The personal mystery of Ruth’s had me hooked even more than the crime this time around. Ruth’s mother had never understood why she wanted to live her life in such an isolated place and there are times during lockdown where Ruth has wondered this herself, especially for Kate who is now 11 and has been totally reliant on the Internet to talk to friends. Ruth’s dad is equally befuddled by the photo she’s found which predates even his relationship with his wife. Ruth keeps wondering why, when she found her cottage, her mother never mentioned seeing it before. Plus, if it wasn’t important, why keep the photo for all these years? Answers come, but they’re unexpected and even life changing. It’s the personal relationships that shine here and the unexpected places and people that bring us comfort. For Judy, used to the ethereal and spiritual Cathbad, it’s her straight talking old sidekick Cloughie who brings the solace she needs from a friend. Ruth is surprised to find she has spent most of her time feeling almost separate from the world. She feels the strangeness of her daily life changes: more time in bed, the different way of working, and the jarring first sight of shoppers queueing outside the supermarket in their masks. Most of her observations are practical changes though and she’s remarkably comfortable, just her, Kate and Flint the cat. In fact the upside has been the lack of other people, the beautiful scenery and wildlife on their doorstep. They even have a new neighbour, who Ruth enjoys getting to know with a socially distanced glass of wine each evening separated by the garden fence. They can walk together on the beach and do Cathbad’s daily yoga, making them feel a connection rather than isolation. Nelson however is completely alone with only his dog Bruno for company. Used to a house run by Michelle and the rough and tumble of young son George he’s strangely lost and finds himself drawn mentally to the cottage on the coast and his other family.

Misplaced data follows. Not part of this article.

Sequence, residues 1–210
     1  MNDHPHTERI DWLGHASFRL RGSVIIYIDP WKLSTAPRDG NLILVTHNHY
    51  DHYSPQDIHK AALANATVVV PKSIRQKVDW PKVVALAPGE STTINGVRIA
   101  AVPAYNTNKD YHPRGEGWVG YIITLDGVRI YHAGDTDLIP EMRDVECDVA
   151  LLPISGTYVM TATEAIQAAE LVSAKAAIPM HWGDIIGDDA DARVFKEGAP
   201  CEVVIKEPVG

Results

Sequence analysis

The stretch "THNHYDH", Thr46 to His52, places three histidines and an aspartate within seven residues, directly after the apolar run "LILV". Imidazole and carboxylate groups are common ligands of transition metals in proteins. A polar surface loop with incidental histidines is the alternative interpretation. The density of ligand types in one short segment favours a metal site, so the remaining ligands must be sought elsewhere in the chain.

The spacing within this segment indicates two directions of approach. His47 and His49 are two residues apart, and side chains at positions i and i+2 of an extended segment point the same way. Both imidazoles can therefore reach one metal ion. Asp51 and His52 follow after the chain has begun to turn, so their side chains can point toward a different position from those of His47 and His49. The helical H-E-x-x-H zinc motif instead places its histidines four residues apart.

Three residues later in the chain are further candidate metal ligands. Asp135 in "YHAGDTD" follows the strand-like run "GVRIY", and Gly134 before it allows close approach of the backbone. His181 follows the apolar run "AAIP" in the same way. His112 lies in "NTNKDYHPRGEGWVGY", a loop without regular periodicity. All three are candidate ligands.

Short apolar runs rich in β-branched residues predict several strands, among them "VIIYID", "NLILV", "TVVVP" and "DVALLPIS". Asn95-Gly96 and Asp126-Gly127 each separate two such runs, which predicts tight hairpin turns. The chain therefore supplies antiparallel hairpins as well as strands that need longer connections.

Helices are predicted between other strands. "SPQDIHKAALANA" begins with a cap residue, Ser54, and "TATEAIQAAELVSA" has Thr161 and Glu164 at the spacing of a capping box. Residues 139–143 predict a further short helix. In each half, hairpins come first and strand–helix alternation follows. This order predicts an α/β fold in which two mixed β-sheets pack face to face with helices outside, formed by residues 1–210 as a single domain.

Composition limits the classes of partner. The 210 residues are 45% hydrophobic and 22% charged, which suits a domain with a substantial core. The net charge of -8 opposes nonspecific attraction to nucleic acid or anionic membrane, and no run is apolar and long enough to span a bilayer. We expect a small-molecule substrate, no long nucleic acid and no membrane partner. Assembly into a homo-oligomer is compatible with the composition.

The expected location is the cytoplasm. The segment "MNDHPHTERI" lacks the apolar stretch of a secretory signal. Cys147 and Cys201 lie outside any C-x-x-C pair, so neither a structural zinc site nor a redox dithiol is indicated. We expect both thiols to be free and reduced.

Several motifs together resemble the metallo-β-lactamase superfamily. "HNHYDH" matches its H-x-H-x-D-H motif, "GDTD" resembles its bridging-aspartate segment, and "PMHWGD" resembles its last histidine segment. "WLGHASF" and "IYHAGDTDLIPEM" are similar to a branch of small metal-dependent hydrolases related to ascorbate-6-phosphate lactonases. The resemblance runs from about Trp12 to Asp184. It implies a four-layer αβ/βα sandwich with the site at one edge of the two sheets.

There are little observations that make Griffith’s world feel so real to me. Lured to a small school reunion while staying at her parent’s house in London, Ruth observed how everyone had aged. In fact her school boyfriend Daniel is bald and she observes she wouldn’t have recognised him a line-up. She then does the middle aged calculation that all of us over 45 do in these circumstances; she wonders if she’s looking as old as they are. Then as the pandemic hits, these people she’s not seen for decades, are sending her messages on social media prompted by the ‘strange times’ we’re living through. It’s something I observed over over the last two years, when daily life is put on pause we look for things to ground us or start to re-evaluate our lives. These touches are grounded in that incredible Norfolk setting, fully formed in my brain now I can immediately see inside Ruth’s cottage by the salt marsh. This mysterious and wild space is offset by the city of Norwich and in this case, the setting of Tombland around the cathedral. This spiritual and ghostly space felt unsettling, as friend Janet explains to Ruth about sitings of the Grey Lady who wanders the house with a lit candle, but also walks through the walls where there used to be doors. It’s no surprise that Cathbad has once seen her in this area and the ghost story adds to the confusion of those final chapters as the case builds to a climax. I really loved the theme of the outcast dead, whether they are the undiscovered plague pits that one of Ruth’s students becomes fascinated with or the graves of those who committed suicide. Historically, people who’ve committed suicide are placed outside the boundaries of the graveyard in unconsecrated ground. The idea of punishing someone in so much pain seems archaic now and I loved the idea of a yearly church service to acknowledge all these outcast people. There are interesting elements of coercive control in the investigation and our team have to ask questions about their preconceptions of who commits crime and what criminals look like, never mind how and if they can prosecute. However, my mind was also occupied with worrying over which of my beloved characters might catch COVID and how their loved ones might cope. I’d set aside two days to read this novel on publication and I only needed one, because I had to know all my characters were safe and when I reached it, I was immediately hooked into waiting for my next instalment.